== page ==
Right way of farming' is long-term solution: PM Lee

A worker stands as he looks on at fire from burning trees planted for palm oil, during haze at Bangko Pusako district in Rokan Hilir, on Indonesia's Riau province, June 24, 2013.

SINGAPORE - The long-term solution to the haze problem is to instil the "right way of farming" in Indonesia, said Prime Minister Lee Hsien Loong on Sunday.

Speaking to Ang Mo Kio residents at a dialogue, he said this would mean that farmers would not resort to burning as a "short cut" to clear land for crop planting.

Singapore has been attempting to nudge the Indonesians towards sustainable practices, such as through a joint project in Jambi which promotes such agricultural practices to farmers and plantation owners.

The pact is up for renewal and PM Lee said that Singapore wants to extend it, and hopes that the Indonesians agree.

But he also noted that the authorities there face challenging obstacles in tackling the root cause of the haze, including the sheer size of the land area which is burning, and corruption.

He pointed out that the area over which forest fires are burning is much bigger than the whole of Singapore. Singapore's small size means the authorities are able to enforce laws easily and quickly.

This is not the case in Indonesia, he said, using the Chinese proverb "shang you zheng ce, xia you dui ce" (Whatever laws are handed down, the people on the ground will find ways around them).

One resident at the dialogue asked PM Lee about the detention last month of Riau governor Rusli Zainal by the Indonesian Corruption Eradication Commission. He is a suspect in a graft case involving the illegal exploitation of forests by logging companies.

Riau is ground zero of the forest fires producing the haze.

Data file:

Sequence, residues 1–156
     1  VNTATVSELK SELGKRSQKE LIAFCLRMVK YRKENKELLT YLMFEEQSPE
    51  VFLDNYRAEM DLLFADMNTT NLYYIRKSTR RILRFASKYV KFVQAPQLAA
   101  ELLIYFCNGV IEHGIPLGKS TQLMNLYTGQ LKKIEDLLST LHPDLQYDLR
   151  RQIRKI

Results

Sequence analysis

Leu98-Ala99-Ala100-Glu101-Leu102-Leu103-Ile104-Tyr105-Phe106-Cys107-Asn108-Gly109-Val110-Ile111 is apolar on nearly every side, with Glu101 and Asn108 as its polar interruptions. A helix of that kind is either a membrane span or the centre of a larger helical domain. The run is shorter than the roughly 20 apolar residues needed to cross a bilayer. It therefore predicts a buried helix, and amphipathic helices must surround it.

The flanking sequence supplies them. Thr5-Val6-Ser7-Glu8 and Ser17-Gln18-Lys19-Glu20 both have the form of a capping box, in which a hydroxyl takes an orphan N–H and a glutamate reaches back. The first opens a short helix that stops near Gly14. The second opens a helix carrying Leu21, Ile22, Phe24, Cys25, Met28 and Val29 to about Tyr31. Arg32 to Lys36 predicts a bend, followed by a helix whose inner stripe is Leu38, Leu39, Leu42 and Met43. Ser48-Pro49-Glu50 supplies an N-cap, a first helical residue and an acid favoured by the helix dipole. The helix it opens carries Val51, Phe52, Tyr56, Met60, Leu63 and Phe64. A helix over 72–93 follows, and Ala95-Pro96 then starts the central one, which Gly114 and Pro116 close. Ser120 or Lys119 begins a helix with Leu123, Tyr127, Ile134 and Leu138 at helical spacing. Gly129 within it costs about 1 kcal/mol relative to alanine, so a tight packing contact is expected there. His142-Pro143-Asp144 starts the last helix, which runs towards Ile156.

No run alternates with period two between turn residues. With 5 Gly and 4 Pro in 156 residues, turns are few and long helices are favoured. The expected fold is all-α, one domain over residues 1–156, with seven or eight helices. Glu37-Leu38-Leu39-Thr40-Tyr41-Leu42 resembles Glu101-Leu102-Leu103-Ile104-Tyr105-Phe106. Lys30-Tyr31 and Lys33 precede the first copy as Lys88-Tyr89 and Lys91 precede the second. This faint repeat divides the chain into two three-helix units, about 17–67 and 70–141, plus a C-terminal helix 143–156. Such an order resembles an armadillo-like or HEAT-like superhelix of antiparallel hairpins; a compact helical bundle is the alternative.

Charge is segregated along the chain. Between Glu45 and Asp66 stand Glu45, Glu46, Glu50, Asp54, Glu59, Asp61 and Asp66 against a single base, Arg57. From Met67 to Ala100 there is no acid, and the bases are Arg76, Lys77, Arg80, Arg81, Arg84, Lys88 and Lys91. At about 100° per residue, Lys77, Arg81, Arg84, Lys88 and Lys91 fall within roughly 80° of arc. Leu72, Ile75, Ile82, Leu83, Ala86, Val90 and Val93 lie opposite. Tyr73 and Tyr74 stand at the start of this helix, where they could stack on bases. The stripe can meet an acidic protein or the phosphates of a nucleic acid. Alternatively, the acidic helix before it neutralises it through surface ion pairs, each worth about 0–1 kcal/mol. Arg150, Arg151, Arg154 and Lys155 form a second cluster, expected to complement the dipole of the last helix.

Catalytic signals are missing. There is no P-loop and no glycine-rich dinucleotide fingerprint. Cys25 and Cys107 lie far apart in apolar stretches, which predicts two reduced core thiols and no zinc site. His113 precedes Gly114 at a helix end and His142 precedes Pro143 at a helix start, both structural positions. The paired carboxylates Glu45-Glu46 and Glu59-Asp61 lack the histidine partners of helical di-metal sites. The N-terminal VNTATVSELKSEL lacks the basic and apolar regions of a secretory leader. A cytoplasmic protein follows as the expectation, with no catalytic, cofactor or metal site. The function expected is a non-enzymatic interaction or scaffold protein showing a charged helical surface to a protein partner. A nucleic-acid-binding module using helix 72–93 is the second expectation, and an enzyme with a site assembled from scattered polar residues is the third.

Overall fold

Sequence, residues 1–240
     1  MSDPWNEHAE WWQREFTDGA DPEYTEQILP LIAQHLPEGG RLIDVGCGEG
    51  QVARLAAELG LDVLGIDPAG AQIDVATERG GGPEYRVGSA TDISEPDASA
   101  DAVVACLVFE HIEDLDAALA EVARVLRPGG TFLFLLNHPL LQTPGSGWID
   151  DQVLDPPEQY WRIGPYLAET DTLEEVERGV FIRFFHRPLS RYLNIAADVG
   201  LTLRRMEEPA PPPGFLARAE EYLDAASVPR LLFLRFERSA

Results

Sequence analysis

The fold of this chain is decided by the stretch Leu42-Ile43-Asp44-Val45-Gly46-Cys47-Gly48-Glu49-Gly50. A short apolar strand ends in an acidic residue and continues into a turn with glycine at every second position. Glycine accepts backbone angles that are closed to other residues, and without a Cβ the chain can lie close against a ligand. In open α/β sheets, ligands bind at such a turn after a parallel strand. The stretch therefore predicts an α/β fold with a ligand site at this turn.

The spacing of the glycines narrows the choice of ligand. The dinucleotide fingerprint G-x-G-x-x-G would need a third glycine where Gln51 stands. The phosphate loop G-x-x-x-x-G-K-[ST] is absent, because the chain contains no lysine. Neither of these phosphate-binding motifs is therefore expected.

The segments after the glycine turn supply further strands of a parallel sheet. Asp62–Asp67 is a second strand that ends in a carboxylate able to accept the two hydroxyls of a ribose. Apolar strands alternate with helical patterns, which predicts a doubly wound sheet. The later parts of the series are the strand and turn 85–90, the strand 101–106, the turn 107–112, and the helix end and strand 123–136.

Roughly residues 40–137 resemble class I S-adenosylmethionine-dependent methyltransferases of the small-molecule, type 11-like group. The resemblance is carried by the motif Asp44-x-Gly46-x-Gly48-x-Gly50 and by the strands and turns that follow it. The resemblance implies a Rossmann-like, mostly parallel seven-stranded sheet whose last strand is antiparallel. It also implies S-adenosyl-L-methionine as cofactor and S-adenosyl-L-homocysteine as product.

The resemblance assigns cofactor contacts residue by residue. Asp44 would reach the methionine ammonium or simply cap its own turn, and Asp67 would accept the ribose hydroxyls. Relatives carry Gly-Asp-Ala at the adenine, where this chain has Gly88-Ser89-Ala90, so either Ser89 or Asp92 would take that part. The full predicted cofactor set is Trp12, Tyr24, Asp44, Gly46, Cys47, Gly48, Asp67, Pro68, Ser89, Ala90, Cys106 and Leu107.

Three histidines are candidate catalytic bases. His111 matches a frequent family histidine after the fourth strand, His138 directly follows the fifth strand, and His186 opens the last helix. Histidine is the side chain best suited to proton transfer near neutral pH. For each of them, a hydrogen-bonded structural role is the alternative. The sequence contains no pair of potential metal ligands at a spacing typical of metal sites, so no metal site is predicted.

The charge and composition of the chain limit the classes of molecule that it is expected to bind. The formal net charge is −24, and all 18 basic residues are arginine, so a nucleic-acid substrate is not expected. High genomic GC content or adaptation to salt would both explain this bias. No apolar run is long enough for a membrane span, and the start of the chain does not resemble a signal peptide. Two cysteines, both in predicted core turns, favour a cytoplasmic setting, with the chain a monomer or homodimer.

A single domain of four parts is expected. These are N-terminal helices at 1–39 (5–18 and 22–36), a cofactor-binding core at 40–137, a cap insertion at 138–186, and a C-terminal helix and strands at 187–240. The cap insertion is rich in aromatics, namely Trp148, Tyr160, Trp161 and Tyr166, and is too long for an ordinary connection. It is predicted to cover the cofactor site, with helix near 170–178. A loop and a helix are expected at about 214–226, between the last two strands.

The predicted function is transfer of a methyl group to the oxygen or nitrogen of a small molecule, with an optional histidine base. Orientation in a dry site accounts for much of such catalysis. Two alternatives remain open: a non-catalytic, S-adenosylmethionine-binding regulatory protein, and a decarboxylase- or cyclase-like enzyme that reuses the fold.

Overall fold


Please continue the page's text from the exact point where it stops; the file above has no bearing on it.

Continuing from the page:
PM Lee said that he had heard the same thing about Mr Rusli, adding: "So these are the real problems in Indonesia."


Haze affects Malaysia
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Emergency declared in Malaysia as API surpasses 750
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Smoke from hotspots blanket Riau province
Click on thumbnail to view (Photos: Hang Nadim Meteorological Station, ST, Reuters, AFP, Sarawak Conservation Alliance for Natural Environment)


He struck a sanguine note when another resident lamented that Singapore is "crippled" when it comes to fighting the haze as there is nothing it can do to stop the burning.


"This is our lot in life," replied Mr Lee in Mandarin.

"These are our neighbours. We can't change them. The responsibility for solving this problem is with Indonesia."

Separately, Defence Minister Ng Eng Hen, who heads the haze inter-ministerial task force formed last week, told reporters that Singapore "stands ready to give assistance to Indonesia if asked".

He said that he has asked the Singapore Armed Forces to be on standby: "There is an open offer if they need assets that we have to help them in this firefighting. We are ready to go."

But Singapore respects and recognises Indonesia's sovereignty, and "we can only go if they ask us", he said.

Mr Lee and other ministers, in their efforts to distribute masks to residents around the island yesterday, also highlighted the efforts of the Singapore Armed Forces and People's Association in getting the masks around the island.

Meanwhile, Acting Minister for Culture, Community and Youth Lawrence Wong said Singapore is likely to stick to hosting the 2015 SEA Games in June, rather than move it to a different part of the year for fear that it could be hit by the haze. There is no "perfect window", he said, adding that efforts should be focused on preventing the haze from recurring and preparing the Republic.

At Ang Mo Kio GRC where he is an MP, PM Lee also announced that three blocks in Ang Mo Kio Avenue 1 had been selected for the Home Improvement Programme which will fix problems in ageing flats such as ceiling leaks.


Additional reporting by Jalelah Abu Baker, Lim Yi Han and May Chen

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